We ought to be surprised by the electoral outcome in Bihar. Not because exit polls had framed our expectations otherwise. Not because many ground reports in the media suggested reversals for the ruling coalition. Not because many of us would have liked very different results.
We ought to be surprised as yet another victory for the incumbent in this state and at this juncture in national life flies in the face of the logic of democratic politics. Students of politics must be surprised by this outcome just as economists must be surprised by “market failures”. When we cover up our surprise, we close the doors of learning.
Just think of a state that houses some of the poorest people in India, indeed in the world. Its per capita income, as a proportion of the national per capita income, has consistently declined over the last five decades. It has a relatively younger population and a higher contribution to the labour pool. Yet it has the lowest labour participation ratio in the country and among the highest rate of unemployment. It does not prepare its young population for jobs, as it has the lowest Gross Enrolment Ratio in higher education. It has the worst health infrastructure in the country. Its law and order is in shambles. If someone tells you that the ruler of the last 15 years got re-elected in a free and fair election, you should be surprised.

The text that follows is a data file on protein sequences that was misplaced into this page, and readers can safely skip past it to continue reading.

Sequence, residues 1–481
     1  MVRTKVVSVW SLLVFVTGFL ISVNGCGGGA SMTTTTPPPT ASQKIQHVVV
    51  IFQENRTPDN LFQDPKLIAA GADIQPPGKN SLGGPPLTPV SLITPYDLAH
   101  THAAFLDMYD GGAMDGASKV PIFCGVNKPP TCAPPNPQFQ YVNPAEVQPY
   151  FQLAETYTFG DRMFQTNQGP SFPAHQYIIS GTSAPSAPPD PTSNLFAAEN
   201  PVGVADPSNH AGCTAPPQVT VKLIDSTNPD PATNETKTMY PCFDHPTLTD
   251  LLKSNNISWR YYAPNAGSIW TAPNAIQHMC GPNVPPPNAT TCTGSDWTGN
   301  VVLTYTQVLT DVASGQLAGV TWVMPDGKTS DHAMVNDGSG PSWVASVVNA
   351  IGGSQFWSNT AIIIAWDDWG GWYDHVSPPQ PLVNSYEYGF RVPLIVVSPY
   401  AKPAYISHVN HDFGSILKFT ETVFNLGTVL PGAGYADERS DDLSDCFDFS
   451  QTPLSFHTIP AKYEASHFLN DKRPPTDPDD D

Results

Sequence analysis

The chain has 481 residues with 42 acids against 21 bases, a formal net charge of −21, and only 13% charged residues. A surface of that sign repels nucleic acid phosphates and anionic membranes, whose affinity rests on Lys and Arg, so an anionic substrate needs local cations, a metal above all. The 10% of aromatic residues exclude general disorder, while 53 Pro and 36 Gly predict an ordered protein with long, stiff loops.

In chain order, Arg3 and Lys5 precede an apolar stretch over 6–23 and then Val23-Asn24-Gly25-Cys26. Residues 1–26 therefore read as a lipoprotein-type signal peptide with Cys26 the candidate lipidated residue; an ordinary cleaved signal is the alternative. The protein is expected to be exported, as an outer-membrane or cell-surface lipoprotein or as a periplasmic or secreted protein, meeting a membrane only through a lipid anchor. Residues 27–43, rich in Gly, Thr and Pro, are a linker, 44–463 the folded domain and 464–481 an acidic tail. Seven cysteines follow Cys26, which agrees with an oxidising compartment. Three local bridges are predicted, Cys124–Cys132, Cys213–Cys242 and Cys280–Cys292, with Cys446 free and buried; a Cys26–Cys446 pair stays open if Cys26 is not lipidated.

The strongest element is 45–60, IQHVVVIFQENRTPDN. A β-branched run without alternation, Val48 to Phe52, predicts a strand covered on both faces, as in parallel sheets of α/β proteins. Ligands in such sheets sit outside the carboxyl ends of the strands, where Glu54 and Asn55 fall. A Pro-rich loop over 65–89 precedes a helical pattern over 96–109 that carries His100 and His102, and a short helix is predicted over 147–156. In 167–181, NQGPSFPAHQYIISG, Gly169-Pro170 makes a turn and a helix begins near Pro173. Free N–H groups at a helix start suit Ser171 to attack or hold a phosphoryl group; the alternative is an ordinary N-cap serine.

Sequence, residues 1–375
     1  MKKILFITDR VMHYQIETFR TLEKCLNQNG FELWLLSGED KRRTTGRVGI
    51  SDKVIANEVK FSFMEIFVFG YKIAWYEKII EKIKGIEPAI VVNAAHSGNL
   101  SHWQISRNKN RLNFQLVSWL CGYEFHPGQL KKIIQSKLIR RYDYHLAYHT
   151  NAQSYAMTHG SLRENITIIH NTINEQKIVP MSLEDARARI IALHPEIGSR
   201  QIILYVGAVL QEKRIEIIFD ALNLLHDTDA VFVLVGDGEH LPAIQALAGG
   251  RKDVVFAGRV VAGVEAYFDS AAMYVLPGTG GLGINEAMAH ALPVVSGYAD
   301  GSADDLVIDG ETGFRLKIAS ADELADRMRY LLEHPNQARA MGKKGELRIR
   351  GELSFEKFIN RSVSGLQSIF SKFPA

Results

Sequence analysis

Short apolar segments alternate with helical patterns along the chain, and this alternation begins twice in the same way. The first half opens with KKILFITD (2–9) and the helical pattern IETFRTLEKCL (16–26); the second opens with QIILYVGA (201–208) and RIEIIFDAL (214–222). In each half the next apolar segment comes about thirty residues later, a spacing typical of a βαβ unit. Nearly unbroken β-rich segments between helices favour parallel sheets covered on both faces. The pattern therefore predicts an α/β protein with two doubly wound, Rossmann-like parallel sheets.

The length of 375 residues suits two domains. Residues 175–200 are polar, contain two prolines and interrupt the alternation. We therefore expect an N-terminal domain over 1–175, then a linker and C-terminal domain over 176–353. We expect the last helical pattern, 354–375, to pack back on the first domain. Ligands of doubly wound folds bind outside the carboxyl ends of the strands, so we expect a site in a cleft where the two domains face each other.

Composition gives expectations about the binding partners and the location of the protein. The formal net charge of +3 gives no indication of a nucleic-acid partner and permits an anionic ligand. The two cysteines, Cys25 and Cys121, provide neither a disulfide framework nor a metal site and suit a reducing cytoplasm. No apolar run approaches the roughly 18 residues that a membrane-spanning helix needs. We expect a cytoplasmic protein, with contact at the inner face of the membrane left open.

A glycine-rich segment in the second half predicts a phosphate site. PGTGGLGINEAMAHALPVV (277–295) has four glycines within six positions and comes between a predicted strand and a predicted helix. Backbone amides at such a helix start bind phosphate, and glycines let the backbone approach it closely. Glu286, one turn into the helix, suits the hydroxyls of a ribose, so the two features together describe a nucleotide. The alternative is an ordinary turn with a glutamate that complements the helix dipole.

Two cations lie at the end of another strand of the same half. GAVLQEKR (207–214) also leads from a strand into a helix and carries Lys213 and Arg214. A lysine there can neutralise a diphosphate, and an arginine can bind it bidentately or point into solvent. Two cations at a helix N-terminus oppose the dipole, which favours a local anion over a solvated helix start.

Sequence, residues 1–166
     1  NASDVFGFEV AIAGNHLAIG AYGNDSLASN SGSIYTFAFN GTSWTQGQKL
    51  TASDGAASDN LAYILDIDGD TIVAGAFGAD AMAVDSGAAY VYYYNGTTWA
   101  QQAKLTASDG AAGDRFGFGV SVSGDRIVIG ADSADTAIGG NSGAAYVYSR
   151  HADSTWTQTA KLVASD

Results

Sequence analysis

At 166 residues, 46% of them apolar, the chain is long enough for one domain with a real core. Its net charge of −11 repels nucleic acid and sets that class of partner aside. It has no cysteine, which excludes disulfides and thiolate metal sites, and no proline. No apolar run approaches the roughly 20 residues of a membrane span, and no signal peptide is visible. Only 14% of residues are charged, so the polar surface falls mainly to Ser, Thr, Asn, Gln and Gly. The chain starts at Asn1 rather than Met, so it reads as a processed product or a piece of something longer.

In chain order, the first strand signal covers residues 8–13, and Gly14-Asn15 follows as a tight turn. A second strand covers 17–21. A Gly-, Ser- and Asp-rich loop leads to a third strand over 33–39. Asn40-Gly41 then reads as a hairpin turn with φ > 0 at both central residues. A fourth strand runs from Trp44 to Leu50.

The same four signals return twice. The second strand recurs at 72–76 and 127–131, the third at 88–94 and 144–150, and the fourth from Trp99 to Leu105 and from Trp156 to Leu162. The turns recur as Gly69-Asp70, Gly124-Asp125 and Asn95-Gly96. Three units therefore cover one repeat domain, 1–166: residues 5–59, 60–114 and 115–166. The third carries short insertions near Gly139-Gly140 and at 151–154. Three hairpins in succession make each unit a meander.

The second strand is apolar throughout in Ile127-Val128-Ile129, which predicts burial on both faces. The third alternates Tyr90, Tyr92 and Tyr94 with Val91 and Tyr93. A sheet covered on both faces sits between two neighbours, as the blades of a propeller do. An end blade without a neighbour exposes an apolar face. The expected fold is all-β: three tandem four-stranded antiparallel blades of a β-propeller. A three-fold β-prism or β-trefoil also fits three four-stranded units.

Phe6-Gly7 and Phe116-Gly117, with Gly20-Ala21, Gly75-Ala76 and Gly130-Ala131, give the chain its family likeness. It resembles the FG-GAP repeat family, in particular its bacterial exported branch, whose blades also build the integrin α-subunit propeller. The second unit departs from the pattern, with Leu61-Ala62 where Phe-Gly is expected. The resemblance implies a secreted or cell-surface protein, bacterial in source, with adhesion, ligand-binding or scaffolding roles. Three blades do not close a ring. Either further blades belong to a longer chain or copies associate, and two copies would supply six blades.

More so, if someone told you that this year the state had witnessed a badly handled pandemic and flood, that the state government was indifferent, if not hostile to millions of workers who were forced to walk back home, that Bihar was among the worst sufferers of the economic shock due to the steepest-ever shrinkage in India’s GDP this year, that most of the soldiers whose lives were lost needlessly on the China border were from Bihar. If the ruling party wins an election in such a year, you should be surprised.
This defies the logic of political competition on which democracy rests. A future historian of democracy might turn to this election in Bihar to understand why democracies failed.
She would discover, first of all, that political choices were not as freely available in Bihar as democratic theory imagined. Unlike other Hindi best states like Rajasthan or MP, Bihar did not offer a straight two-party competition or a stable two-coalition competition like Kerala. Coalitions were made and unmade in every election. At least half the battle was won or lost in the making and unmaking of the coalition before the voter could do anything. This year the RJD was aiming at a mahagathbandhan (MGB), a large coalition of all principal oppositional players. Eventually, it had to make do with a much smaller coalition involving the RJD the Congress, and the three main left parties: the CPI(ML), the CPI, and the CPI(M). The inclusion of the entire left proved to be a wise move as it gave the MGB a critical edge in Bhojpur and Magadh region. Two critical small players (the Hindustani Awam Morcha or HAM and the Vikassheel Insaan Party or VIP) were left out. The NDA proved smarter by accommodating these two. The historian might conclude that the MGB would have gained a critical edge by cutting down the share of Congress to retain these two small players. But that was not the real slippage.